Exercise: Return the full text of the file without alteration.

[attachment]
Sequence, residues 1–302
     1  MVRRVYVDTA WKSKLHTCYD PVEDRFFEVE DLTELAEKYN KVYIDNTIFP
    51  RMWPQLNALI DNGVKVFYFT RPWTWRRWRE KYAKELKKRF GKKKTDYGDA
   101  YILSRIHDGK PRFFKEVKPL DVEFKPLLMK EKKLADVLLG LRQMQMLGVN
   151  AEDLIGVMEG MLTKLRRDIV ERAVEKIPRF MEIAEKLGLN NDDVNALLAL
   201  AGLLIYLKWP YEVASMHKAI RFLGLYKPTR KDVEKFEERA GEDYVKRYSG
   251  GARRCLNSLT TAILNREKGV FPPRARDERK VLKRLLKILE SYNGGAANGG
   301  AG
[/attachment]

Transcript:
Sequence, residues 1–302
     1  MVRRVYVDTA WKSKLHTCYD PVEDRFFEVE DLTELAEKYN KVYIDNTIFP
    51  RMWPQLNALI DNGVKVFYFT RPWTWRRWRE KYAKELKKRF GKKKTDYGDA
   101  YILSRIHDGK PRFFKEVKPL DVEFKPLLMK EKKLADVLLG LRQMQMLGVN
   151  AEDLIGVMEG MLTKLRRDIV ERAVEKIPRF MEIAEKLGLN NDDVNALLAL
   201  AGLLIYLKWP YEVASMHKAI RFLGLYKPTR KDVEKFEERA GEDYVKRYSG
   251  GARRCLNSLT TAILNREKGV FPPRARDERK VLKRLLKILE SYNGGAANGG
   301  AG